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By the time Kevin made his way down into the subway station, there was no one else there but a solitary old man, sitting on a bench, using his cane to help him sit up straight. Kevin squinted at the schedule on the wall. From behind, he heard a grizzled voice say, “Whichever one you’re waiting for, you’re at the right station. They all stop here.”
Kevin turned to see the old man watching him. “Even the A6?” he asked.
“They ALL stop here,” repeated the stranger, who appeared to be dressed far too warmly for the season.
“I can’t believe the A6 stops here this late on a Tuesday.”
“Young man, this station is a major transfer point, and I’ve been taking these trains for many years. Believe me when I tell you, all the trains stop here.”
As if in answer, the sound of an approaching train came from deep within the tunnel. It sounded like it was coming too fast to stop. In fact, it sounded like it was running faster than subways usually do. It was only a moment before it went rushing past. But that wasn’t the shocking part. All the cars were jet black, but it didn’t look like they were painted, just…made that way. Every car was covered in the most indescribably horrific graffiti. Wild splashes of red paint decorated the windows. It was paint, wasn’t it? The lighting inside was very dim. All the passengers were shadowy figures who stood, unmoving. None of them were seated. Kevin couldn’t make out any of their features. So why did he feel like they were watching him?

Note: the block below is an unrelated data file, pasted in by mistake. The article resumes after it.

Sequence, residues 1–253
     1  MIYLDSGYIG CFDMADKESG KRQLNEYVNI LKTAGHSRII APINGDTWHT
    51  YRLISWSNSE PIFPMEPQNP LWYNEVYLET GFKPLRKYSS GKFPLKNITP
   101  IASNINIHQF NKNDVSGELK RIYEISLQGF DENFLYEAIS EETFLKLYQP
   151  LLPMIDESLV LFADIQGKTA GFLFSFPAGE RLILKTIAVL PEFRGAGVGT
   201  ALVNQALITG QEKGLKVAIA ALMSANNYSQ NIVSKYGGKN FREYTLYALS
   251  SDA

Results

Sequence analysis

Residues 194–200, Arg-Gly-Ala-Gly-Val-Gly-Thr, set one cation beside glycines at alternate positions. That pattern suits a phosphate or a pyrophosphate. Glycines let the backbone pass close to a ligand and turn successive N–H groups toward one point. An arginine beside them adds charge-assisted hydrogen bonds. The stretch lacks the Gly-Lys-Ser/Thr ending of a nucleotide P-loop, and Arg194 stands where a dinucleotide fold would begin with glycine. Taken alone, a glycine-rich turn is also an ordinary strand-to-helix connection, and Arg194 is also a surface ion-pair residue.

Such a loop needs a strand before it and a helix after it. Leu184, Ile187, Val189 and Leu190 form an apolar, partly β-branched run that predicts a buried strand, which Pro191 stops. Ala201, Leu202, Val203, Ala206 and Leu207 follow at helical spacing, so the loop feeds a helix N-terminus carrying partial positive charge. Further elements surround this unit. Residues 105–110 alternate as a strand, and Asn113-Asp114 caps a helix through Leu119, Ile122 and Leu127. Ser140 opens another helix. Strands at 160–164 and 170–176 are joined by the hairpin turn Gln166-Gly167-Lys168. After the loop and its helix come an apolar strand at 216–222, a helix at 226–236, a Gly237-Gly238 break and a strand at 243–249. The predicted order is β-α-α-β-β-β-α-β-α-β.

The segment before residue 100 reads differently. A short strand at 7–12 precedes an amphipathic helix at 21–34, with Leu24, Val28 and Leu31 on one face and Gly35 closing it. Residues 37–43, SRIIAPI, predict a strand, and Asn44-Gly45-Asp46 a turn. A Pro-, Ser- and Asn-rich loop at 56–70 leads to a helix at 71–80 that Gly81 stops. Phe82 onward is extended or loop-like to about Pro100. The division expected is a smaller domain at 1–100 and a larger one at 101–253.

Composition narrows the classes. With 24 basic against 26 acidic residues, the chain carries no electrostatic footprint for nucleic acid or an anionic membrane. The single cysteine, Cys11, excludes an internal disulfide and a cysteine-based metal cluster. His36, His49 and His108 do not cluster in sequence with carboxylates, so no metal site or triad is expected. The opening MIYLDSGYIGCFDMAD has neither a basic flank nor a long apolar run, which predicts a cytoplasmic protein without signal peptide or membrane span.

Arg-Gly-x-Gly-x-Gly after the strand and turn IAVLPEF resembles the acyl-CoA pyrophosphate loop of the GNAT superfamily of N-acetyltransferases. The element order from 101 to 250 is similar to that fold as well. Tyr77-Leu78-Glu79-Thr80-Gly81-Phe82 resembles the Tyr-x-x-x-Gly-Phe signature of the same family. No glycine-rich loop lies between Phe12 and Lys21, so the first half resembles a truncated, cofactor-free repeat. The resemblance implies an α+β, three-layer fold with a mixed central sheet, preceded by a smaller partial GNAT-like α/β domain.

“What the hell was that?” Kevin demanded as the mysterious black train disappeared into the opposite tunnel.
The old man hung his head, almost in shame. “I’m sorry I wasn’t completely honest with you. There is actually one train that doesn’t stop here. Only one.”
“Where does it go?”
“Pray you never find out.”
Kevin stood in stunned silence before the old man added, “By the way, if you’re taking the A6 you need to be on Platform 3.”
Kevin could barely gasp the word, “Thanks,” before walking quickly away.
As he was leaving, he heard the man call after him, “Also…”
He turned to see the man fixing him with a steely gaze that let Kevin know the stranger was about to give him the most important warning he would ever hear in his life.
“The next time you see that train. It WILL stop. Don’t get on.”
Credit To: E. Alan Rahn